But it really doesn’t matter much whether Bloomberg believes it.  The point is that he wants you and me to believe it because it is designed to deflect attention away from the banksters in his fair city and elsewhere around the country and around the world.

Lyons makes these devastating points:

♦ …there was no law forcing or even encouraging banks to make shaky loans. The Community Reinvestment Act merely required FDIC-insured institutions to apply the same standards to all borrowers — i.e., no more “redlining.”

♦ …the law applied only to retail banks, never to Wall Street investment houses or mortgage companies…and 84 percent of subprime mortgages were written by private, totally unregulated lenders.

♦ Fannie and Freddie, the quasi-governmental mortgage underwriting companies, don’t actually make loans…Did they buy worthless mortgage-backed securities along with other victimized investors? Yes, but too little and too late to have caused the crisis. Although far from pristine, they were more victims than perps.

Those “worthless mortage-backed securities” were created by the financial industry, cut up and sold by the financial industry, rated as AAA by the financial industry, and insured by the financial industry.

A commenter responding to one of my columns in the paper wrote that it was “government social engineering that started the financial fiasco in the first place.”  Okay. Let’s pretend that statement is true for a second. That’s a little like saying that it was a Chinese butterfly flapping its dainty wings in early May that created the EF-5 tornado that wasted a third of Joplin later that month.  I mean, sure, you could weirdly make the case that an unwitting lepidopteran in Shanghai was responsible for the scorched earth here in our town, but that would leave out a lot of significant intervening events, wouldn’t it?

In the case of the financial disaster, those significant intervening events involved spectacularly stupid—because they were so spectacularly greedy—people on Wall Street and elsewhere. 

I remained amazed at how conservatives have created all kinds of ingenious explanations to explain away one brute fact about the financial crisis: the free market failed to account for and control the behavior of greedy banksters. 

And conservatives in the media continue to hope that repeating their lies about the cause of the crisis will morph not necessarily into the truth, but at least into common wisdom.

Republican Math, You Know

I know much has been made about Bill Clinton’s “I hope Democrats don’t use it as an excuse to do nothing” backstage comment to Paul Ryan, about the dazzling win by a pro-Medicare Democrat in blood-red NY-26.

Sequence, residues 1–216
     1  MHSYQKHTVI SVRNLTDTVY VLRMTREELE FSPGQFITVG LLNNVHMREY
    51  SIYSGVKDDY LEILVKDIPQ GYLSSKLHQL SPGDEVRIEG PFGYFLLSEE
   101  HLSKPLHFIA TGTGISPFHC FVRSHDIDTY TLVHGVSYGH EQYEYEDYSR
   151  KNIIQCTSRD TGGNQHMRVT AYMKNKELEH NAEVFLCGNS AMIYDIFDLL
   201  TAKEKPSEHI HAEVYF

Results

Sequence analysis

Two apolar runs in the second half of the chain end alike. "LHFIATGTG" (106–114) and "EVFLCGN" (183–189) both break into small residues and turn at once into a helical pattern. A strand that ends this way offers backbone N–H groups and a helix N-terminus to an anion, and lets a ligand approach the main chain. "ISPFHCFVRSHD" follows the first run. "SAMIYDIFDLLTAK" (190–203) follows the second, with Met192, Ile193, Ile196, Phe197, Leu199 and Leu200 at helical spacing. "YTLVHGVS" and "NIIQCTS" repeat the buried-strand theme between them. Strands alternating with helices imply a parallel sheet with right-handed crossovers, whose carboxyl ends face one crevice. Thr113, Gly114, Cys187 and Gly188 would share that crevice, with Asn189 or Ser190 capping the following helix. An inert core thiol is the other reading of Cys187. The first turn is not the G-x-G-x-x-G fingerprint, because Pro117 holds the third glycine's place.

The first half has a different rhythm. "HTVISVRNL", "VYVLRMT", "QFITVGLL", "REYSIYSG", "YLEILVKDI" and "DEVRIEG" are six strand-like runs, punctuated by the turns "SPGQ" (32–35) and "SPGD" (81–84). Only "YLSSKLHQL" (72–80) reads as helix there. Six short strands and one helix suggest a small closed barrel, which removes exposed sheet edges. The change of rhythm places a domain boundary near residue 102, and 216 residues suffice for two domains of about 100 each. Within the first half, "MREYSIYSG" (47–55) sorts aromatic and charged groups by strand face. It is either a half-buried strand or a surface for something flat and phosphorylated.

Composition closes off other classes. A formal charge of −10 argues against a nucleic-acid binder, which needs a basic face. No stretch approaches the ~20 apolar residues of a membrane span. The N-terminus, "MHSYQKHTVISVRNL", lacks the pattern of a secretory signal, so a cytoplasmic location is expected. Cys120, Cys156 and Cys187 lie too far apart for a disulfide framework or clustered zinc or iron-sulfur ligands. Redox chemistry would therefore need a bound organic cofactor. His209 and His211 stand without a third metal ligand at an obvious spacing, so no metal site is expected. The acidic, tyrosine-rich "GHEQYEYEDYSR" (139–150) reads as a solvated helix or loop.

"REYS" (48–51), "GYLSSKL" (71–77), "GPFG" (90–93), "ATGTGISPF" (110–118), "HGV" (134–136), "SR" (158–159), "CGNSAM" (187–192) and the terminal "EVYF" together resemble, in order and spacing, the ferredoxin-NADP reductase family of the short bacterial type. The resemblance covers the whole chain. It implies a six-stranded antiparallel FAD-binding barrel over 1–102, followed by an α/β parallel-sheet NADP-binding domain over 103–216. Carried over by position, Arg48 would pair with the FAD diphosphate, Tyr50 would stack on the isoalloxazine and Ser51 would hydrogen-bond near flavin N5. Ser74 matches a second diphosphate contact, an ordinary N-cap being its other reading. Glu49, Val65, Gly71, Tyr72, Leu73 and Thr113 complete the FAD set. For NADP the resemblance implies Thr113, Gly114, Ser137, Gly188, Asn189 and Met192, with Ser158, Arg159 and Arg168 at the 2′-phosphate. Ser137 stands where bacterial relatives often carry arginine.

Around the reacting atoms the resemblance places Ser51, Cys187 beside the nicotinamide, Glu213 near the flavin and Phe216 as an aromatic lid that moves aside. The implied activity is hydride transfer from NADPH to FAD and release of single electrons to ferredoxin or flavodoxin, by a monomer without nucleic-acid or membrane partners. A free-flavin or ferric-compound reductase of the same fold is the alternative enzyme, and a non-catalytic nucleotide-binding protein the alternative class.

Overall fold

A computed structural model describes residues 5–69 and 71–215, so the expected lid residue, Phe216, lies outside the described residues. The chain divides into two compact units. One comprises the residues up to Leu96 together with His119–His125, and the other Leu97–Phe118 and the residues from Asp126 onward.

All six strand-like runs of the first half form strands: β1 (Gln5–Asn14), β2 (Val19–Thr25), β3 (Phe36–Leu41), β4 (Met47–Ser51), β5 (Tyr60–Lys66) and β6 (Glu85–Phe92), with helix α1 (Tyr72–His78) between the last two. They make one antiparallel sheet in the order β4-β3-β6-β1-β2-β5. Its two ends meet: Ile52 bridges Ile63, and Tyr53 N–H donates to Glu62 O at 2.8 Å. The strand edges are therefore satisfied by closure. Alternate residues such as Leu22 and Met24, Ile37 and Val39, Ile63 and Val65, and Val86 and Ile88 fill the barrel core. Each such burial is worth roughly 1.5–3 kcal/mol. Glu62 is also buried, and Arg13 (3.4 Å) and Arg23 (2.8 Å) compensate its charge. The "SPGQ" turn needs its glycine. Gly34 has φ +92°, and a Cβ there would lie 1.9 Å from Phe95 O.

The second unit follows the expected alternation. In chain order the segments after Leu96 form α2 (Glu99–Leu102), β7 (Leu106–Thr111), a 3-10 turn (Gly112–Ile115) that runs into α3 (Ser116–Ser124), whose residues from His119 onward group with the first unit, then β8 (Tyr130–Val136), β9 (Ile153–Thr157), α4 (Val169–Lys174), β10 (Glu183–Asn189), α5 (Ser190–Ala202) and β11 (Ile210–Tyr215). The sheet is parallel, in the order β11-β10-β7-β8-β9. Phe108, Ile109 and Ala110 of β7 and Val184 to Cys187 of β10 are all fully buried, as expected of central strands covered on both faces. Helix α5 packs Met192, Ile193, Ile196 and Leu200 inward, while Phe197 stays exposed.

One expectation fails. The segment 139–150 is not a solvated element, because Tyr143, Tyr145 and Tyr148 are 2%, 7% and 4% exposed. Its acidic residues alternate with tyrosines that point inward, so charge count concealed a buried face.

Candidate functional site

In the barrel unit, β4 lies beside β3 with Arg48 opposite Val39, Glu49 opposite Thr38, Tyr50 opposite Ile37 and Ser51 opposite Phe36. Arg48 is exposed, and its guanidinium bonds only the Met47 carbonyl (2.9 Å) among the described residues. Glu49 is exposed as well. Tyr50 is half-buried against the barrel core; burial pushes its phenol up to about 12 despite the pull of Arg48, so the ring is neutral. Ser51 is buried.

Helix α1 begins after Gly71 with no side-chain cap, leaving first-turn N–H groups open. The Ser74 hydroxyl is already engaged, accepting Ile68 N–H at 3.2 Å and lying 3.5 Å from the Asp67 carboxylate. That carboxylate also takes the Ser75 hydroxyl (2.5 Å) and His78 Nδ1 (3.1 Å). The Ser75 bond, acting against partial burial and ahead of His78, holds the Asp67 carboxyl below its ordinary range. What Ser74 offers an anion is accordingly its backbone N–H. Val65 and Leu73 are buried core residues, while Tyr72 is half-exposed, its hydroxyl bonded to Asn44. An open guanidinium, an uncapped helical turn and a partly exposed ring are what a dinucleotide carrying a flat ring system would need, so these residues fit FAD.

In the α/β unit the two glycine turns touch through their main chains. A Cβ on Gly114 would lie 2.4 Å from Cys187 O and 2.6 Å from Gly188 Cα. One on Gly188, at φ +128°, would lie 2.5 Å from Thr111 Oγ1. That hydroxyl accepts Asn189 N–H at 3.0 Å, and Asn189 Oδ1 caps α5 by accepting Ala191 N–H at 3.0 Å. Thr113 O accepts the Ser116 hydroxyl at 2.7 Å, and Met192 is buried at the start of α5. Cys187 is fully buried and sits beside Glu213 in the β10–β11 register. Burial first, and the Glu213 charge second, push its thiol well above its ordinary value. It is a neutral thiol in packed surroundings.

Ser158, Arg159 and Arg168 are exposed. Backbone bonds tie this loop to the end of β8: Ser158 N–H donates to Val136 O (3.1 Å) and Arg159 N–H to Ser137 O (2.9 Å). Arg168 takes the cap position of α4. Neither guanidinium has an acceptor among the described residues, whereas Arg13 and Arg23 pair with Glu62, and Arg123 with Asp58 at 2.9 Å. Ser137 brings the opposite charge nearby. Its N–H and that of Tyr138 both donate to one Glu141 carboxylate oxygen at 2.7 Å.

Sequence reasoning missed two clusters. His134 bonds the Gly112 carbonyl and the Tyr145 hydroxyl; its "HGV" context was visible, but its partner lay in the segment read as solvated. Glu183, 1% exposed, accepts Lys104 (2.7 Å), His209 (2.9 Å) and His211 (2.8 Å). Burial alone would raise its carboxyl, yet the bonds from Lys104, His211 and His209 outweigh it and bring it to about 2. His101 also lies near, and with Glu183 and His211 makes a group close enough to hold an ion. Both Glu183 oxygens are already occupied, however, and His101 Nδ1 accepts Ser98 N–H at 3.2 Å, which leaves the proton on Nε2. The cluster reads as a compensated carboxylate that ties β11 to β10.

But let’s look at Ryan’s comment to Clinton:

My guess is it’s gonna sink into paralysis, is what’s gonna happen. And you know the math. I mean, It’s just — we knew we were putting ourselves out there. But you gotta start this. You gotta get out there. You gotta get this thing moving.

Despite Ryan’s sounding like a wounded pup looking for some comfort from his master, I will give him and the Republicans credit for putting themselves “out there.” They are out there, that’s for sure. But I’m more interested in this part of Ryan’s comment:

You know the math.

Ah. The math. As columnist Gene Lyons has said, Republicans have been waging a war on arithmetic for years. Now, it turns out that Ryan knows “the math.” And he knows others “know the math.” Which doesn’t explain why, if the math is so crystal clear, why his budget plan—now the plan of the entire Republican Party—fails so miserably in its arithmetic.

Let’s forget for the moment the eventual and drastic reductions in Medicaid; let’s forget for a moment the destruction of the Medicare system, replacing it with something worth much less; let’s forget about the cuts in domestic programs like food stamps—which money goes directly in the coffers of local retailers like Wal-Mart and Target and other grocers—and instead, let’s just focus for a minute on the Republican vision for taxes—which any realistic budget mathematician has to consider—and see what we find.

We find tax cuts.

That’s right. The man and the party so concerned about “the math” propose to cut taxes even more, cutting the top individual rate from the current 35% down to 25%, which represents the lowest rate since 1931. You remember 1931, right? That was before Social Security. Before Medicare. Before Medicaid. Before Democrats stepped in to rescue America from that era’s Republican Tea Party dominance.

With a federal budget already starving from insufficient revenues, a budget that is as much a victim of Republican arithmetic as an aging population, we have Republicans in Congress—both chambers, now—proposing to cut taxes even more, suggesting, as they always do, that doing so will result in—voilà!—a thriving, prosperous, job-creating economy. You know, like the one George W. Bush left us!

Paul Ryan said to Bill Clinton, “You know the math.” Yes, we know the math, the Republican math.